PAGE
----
Instead, it will gauge how long it takes you to breathe, how hard you have to work to breathe, and whether your breathing is shallow or deep.
Your doctor needs to prescribe it:
This isn’t an over-the-counter test. Your primary care physician or a physician at a sleep clinic can order it for you to use at home.
It uses sensors to detect breathing patterns:
One of the sensors has a tiny probe that you wear over your finger to assess oxygen levels. Another mask with tubes will be placed over your ears and placed in your nostrils; it will resemble an oxygen mask.
To measure the rise and fall of your chest and belly while you breathe, additional sensors are attached to them.
It’s a small commitment:
Most at-home sleep tests are used just for one night. It’s also less expensive than a sleep study conducted in a clinic ― anywhere from a third to a fifth of the cost of doing an in-lab study and often covered by insurance.
With an at-home study, you’ll be in the comfort of your surroundings, which can mean a more accurate reading of how you sleep.
It doesn’t completely rule out apnea:
Your results will be submitted to your doctor after a sleep technologist has examined them after the test. If your symptoms don’t go away, your doctor can suggest an in-lab experiment.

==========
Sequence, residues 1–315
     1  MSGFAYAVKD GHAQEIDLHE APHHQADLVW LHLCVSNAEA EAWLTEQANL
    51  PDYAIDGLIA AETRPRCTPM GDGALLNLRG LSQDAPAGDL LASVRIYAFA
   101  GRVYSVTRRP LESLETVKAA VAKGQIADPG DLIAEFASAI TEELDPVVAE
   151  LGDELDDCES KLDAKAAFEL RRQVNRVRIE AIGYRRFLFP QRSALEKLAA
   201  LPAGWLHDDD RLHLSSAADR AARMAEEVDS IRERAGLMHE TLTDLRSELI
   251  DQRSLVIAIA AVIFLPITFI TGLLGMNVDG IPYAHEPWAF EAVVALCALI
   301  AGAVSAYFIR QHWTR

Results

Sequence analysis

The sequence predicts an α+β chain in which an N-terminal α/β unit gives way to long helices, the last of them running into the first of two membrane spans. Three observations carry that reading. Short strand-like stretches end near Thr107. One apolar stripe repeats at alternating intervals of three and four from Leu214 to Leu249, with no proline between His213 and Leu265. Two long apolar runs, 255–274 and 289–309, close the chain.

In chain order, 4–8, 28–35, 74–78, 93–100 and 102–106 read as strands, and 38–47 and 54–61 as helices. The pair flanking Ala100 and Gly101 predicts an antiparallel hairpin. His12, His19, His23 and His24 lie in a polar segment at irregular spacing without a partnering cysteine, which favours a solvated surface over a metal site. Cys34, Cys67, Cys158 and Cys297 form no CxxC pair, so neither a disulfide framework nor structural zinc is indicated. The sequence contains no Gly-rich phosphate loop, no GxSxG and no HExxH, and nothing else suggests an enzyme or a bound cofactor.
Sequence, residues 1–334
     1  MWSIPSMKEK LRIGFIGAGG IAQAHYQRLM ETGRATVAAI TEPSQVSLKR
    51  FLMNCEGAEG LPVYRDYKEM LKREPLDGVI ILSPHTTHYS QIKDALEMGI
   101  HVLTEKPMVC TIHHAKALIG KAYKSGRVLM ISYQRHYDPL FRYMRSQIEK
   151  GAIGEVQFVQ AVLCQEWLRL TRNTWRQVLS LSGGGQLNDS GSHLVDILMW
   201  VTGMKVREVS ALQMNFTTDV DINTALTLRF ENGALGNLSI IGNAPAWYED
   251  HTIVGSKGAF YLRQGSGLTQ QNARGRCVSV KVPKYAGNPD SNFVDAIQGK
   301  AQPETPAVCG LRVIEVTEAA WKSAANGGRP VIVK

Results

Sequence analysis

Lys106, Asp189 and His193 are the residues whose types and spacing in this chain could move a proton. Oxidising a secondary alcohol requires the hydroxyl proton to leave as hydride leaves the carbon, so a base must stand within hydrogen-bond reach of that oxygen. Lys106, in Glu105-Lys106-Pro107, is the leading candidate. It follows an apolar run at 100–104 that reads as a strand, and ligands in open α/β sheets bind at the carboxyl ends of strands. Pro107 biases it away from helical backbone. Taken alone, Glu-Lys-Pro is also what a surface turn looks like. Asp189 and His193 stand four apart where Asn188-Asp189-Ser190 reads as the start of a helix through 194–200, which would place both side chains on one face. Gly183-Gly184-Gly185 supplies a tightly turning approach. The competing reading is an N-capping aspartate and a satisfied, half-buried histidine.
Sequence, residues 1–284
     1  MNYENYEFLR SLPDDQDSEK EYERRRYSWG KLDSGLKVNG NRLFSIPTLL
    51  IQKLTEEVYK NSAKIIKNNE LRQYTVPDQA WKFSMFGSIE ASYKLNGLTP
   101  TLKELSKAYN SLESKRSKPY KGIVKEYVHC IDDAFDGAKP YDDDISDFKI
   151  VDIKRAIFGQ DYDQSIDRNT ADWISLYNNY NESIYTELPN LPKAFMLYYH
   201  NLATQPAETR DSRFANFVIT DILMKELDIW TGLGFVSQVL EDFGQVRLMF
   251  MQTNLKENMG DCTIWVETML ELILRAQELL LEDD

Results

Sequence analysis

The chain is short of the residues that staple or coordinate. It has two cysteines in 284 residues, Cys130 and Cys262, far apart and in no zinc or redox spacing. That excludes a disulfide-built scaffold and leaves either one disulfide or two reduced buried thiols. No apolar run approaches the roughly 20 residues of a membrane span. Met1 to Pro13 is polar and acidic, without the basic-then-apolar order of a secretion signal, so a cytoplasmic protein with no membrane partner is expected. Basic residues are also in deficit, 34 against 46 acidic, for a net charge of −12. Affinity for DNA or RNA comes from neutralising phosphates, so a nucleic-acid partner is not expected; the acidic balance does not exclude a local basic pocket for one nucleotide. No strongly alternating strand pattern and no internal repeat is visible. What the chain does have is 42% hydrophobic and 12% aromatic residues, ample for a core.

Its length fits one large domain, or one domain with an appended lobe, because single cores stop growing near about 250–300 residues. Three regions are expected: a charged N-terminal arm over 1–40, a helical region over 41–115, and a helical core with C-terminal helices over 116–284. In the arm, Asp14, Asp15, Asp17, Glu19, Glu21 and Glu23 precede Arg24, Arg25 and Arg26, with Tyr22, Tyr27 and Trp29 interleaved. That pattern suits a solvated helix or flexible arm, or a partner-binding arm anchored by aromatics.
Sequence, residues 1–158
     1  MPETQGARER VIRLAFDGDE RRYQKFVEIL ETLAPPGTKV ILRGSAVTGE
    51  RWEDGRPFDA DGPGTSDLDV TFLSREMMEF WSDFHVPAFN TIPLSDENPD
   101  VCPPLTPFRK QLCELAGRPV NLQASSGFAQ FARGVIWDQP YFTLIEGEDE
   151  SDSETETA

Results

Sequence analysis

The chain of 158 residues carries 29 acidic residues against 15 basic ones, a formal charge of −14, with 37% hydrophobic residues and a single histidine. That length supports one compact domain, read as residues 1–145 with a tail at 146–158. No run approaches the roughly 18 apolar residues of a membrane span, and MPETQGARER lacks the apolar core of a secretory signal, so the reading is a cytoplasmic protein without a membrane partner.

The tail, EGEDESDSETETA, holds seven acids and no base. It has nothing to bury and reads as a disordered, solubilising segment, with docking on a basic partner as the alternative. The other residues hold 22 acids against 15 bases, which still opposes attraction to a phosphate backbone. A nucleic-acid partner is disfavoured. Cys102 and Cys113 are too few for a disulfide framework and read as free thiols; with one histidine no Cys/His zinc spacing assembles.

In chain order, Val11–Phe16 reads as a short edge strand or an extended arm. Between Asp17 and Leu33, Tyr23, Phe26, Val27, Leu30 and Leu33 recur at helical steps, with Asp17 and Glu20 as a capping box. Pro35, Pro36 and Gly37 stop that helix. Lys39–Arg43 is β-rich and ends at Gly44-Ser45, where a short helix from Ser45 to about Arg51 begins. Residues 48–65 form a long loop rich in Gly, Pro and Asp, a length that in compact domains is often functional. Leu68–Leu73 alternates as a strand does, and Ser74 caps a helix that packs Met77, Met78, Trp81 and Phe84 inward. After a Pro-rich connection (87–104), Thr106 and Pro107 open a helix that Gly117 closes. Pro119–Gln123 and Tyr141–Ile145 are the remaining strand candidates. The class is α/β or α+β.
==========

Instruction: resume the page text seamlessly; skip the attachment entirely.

Home tests can occasionally be wrong because, for example, your sensors might stop working in the middle of the night. In a lab, a doctor is present to keep an eye on you.
You might have other sleep issues:
Breathing issues are not a sign of all sleep disorders. You might not have apnea if your symptoms continue to exist. Movement disorders that cause nocturnal restlessness and narcolepsy, a neurological illness that interferes with the body’s sleep-wake cycles and results in excessive sleepiness, are two more prevalent sleep problems that do not impact the airways.
Together, you and your doctor can determine the cause.
Other Tests for Sleep Apnea
- EEG (electroencephalogram) to measure and record brain wave activity
- EMG (electromyogram) to record muscle activity such as face twitches, teeth grinding, and leg movements, and to look for REM stage sleep. During REM sleep, intense dreams often happen as the brain has heightened activity.
- EOG (electrooculogram) to record eye movements. These movements are important in determining the different sleep stages, particularly REM stage sleep.
- EKG (electrocardiogram) to record heart rate and rhythm
- Nasal airflow sensor to record airflow
- Snore microphone to record snoring activity
After a Sleep Study
In the morning, the technicians take off the sensors attached to your skin, and you go back to your everyday activities.
It takes the sleep specialist some time to review the study’s hundreds of pages of data. They’ll send the results to your doctor. Once your doctor reviews them, you’ll meet to talk about the findings and next steps.
Sleep Study Results
- The data will include information about your sleep, such as:
- How long do you spend in each sleep stage
- How often do you wake up
- Whether you stop breathing or have trouble breathing
- Whether you snore
- Body position
- Limb movements
- Unusual brain activity patterns